Saturday, August 26, 2006

Don Boudreaux on Minimum Wages

Don Boudreaux have a good reply to those who send him angry e-mails after he argues against raising the minimum wage, asking him "How would YOU like to live on a job paying just $5.15 [per hour]?":

"Well, obviously I wouldn't like to make less than I earn now, which is substantially more per hour than $5.15. But this fact is utterly irrelevant to the argument...

...Suppose a witch doctor insists that he can cure cancer merely by doing a dance. If someone who is skeptical of this claim expresses his or her skepticism, does the skeptic lose credibility if he or she isn't a cancer victim? Would a believer in the witch-doctor's supernatural powers score intellectual points by rhetorically asking the skeptic "How would YOU like to have cancer?!" Does the obvious benefit, the great goodness, of curing cancer patients of their disease increase the likelihood that the witch-doctor's dance will actually cure these patients of their cancers?"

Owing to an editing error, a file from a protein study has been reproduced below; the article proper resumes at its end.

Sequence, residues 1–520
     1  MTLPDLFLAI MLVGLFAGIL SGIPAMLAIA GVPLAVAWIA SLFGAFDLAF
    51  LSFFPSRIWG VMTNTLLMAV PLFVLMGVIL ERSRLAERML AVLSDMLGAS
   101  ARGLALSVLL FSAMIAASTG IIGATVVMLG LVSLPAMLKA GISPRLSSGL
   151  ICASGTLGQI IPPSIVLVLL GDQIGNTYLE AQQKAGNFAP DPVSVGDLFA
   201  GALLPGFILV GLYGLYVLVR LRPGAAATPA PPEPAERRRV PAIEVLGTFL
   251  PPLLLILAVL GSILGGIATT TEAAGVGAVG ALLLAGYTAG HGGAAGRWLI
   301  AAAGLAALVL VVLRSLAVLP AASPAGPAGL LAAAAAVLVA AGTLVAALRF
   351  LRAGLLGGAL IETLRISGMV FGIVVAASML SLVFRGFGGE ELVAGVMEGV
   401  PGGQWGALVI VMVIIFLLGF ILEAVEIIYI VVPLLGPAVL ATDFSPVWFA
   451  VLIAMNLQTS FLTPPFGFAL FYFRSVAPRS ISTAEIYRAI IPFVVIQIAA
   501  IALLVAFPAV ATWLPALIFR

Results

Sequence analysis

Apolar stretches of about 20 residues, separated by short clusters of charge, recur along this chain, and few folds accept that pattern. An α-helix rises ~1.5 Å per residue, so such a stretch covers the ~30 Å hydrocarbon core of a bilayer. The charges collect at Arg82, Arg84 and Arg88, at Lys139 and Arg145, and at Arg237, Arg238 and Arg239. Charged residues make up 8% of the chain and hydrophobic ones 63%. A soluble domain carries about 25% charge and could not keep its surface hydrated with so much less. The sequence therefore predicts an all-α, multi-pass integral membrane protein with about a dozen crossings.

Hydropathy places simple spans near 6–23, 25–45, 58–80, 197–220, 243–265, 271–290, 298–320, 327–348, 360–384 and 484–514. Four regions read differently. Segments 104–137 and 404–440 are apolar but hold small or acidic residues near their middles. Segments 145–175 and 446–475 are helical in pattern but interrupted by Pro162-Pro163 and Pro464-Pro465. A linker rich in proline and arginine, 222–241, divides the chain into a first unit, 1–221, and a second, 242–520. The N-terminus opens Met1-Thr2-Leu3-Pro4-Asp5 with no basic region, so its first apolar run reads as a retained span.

Similarly, if you believe that raising minimum wages will not in fact help the poor, then the question of the unpleasantness of living on a job that pays just $5.15 is just as irrelavant as the unpleasantness of having cancer is to the question of whether it will cure cancer.


Blogger Physiocrat said...

What is the point of having a minimum wage when tax is payable on this wage? No tax should be payable by anyone working a standard working week of 35 hours at the minimum wage.

If you want to help the poor

(1) Do not levy taxes on essentials like food, clothing and medication.

(2) Keep tax thresholds as high as practicable ie 35 weekly hours at the minimum wage.

(3) Have the same threshold for payroll taxes.

(4) Taxation at marginal locations should be reduced to reduce the geographical component of unemployment eg North-East England and Cornwall.

This gets rid of the tax wedge and makes it cheaper to employ people on benefit, thereby reducing welfare dependency.

Yes, every country in Western Europe will need to completely reconstruct its tax system to achieve this, so the next question is how is the state to get its revenue?

The first point is that states will need less revenue as their welfare bills will fall. The second point is that taxation can be shifted onto a tax on the rental value of land, the so-called jordvärdesskatt, which also cuts tax havens out of the loop altogether and chokes of the tax avoidance "industry". If this is done is an orderly way over a decade, the whole economic system can be transformed for the better.

12:26 PM  

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